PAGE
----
Discussion Questions

Discussion Question 8

Bartleby the Scrivener by Herman Melville

Directions:

Answer OBLY ONE of the following questions as thoughtfully as possible, after reading the lectures. Then post your answer to the English 207 Message Board by the deadline. Your answer is due no later than Thursday, May 3.

Your responses to other students' answers are due by midnight on Sunday, May 6. in order to get the full 20 points, you MUST respond thoughtfully to at least 2 other people's postings.

Please answer the question as thoughtfully as possible, after reading the lecture. Then post your answer to the English 207 Message Board by the deadline.

We will be using the Canvas Discussion Board for this class. Click on the link below to get to the Canvas portal, sign in, and then click on the box for this class. You will find the "Discussions" link on the left side of the screen:

Discussion Board

Remember: This discussion question is worth a possible 20 points. Late answers will receive 0 points. Points will be assigned according to the thoughtfulness of your answers, not by whether they are "right" or not, since sometimes there is no "right" answer. Just be sure your ideas are supported by the material in the readings.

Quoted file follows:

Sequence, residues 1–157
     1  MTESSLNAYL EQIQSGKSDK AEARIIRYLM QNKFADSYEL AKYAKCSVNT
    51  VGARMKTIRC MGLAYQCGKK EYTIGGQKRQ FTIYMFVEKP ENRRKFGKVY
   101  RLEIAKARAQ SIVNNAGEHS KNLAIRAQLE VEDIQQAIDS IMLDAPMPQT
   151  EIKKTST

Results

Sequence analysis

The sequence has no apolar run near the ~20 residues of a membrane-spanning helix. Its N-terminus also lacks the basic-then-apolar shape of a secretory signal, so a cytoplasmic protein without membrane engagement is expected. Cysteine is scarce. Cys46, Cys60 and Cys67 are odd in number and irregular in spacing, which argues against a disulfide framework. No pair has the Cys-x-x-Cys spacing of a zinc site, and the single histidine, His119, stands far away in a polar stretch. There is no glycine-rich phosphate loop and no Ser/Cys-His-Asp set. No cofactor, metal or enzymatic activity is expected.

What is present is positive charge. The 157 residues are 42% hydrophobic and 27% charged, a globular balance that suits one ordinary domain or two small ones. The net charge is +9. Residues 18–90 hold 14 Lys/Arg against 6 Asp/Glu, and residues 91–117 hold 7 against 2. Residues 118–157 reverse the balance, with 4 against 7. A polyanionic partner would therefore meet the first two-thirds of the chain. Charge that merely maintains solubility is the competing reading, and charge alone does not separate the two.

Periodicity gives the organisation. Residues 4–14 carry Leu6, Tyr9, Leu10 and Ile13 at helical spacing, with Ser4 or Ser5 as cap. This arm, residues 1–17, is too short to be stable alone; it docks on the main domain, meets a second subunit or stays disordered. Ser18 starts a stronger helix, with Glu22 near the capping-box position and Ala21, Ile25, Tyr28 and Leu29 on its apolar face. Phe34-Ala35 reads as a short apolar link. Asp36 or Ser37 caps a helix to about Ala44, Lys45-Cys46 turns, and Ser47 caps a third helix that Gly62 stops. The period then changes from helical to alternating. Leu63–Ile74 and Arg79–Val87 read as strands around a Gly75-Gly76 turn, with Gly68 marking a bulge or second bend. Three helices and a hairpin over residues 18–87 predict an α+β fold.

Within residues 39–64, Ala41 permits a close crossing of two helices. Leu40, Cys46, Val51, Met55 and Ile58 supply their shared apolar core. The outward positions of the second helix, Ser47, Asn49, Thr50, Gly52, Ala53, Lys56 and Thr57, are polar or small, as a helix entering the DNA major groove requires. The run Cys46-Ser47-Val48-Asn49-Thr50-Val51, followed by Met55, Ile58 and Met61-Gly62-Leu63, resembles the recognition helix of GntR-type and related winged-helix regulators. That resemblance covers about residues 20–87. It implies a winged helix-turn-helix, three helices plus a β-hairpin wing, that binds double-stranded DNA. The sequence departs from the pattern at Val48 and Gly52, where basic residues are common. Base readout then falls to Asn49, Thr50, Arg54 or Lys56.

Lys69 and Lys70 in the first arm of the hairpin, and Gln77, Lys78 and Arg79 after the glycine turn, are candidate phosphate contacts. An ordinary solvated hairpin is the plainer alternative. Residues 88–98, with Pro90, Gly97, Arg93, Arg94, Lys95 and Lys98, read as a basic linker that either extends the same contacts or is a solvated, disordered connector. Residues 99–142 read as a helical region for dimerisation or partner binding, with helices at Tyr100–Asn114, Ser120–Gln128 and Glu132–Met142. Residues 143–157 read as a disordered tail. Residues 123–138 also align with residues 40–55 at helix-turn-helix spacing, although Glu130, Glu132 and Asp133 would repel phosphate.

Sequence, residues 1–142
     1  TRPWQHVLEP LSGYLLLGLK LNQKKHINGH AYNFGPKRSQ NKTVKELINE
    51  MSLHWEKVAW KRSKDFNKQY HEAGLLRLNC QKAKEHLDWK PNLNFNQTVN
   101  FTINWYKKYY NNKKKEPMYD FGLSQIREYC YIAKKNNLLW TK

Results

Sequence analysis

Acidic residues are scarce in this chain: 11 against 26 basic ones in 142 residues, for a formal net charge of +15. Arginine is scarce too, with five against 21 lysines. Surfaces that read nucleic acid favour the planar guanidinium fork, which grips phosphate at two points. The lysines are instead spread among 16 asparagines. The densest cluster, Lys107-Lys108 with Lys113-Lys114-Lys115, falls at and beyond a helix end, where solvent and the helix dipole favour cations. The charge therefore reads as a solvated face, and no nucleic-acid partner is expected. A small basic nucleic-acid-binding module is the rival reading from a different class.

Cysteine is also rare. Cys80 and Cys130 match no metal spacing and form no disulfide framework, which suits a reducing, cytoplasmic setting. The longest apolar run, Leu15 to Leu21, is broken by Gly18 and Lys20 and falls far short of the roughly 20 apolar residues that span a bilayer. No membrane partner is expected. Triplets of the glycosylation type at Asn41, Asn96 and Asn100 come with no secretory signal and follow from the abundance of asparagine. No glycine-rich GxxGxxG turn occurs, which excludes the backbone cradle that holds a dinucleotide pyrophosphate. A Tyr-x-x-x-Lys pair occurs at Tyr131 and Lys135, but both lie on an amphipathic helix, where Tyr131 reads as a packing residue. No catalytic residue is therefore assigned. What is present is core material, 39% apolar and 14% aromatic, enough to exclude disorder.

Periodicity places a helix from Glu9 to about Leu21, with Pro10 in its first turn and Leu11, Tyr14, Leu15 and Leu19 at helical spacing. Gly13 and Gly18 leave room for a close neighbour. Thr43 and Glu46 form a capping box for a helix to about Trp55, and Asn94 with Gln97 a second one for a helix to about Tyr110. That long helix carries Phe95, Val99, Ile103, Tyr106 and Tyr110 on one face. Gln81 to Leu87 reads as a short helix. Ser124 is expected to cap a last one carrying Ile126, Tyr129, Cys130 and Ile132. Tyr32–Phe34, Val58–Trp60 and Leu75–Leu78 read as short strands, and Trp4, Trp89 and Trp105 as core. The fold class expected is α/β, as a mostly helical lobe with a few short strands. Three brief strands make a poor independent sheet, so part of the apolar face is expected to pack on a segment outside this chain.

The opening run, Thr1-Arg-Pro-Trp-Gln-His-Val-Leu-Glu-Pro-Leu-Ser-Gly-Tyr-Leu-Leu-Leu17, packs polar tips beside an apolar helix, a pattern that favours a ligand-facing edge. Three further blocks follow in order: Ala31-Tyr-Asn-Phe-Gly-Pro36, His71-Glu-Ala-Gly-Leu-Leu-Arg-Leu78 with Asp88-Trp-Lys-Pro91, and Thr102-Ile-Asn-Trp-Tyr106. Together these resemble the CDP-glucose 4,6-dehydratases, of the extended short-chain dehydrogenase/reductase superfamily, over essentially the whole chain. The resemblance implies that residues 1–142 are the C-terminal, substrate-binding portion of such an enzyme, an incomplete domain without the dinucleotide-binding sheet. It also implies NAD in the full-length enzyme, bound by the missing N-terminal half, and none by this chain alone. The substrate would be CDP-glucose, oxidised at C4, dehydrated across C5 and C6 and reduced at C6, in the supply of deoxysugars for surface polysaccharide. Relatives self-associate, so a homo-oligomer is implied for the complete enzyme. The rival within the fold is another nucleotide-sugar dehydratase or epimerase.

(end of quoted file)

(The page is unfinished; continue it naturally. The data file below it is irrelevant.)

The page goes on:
Bartleby the Scrivener by Herman Melville

1. In Herman Melville: His World and Work, Andrew Delbanco says, "What Bartleby brings into view is the fact that all boundary lines between power and submission, mine and yours, right and wrong, too little and too much are finally nothing more than conventions to which we cling lest we lose our grip and tumble away into the infinity of unforeseen possibilities" (217). Do you agree with Delbanco's interpretation? Or do you see different themes and ideas in the story?


2. In Subversive Genealogy, Michael Paul Rogin comments on how often walls are mentioned in the Bartleby the Scrivener. What, in your opinion, is the significance of walls in the story?

--The mural on this page is called "Rural Highway." It's the mural painted for the Middleport, N.Y. Post Office by Marianne Appel in 1941. More information about this mural can be found at Western New York Heritage Press.

--During the Depression in the 1930s and early 1940s, the U.S. government commissioned a number of murals for post offices across the United States. Many of these were quite amazing. To read more about them, CLICK HERE.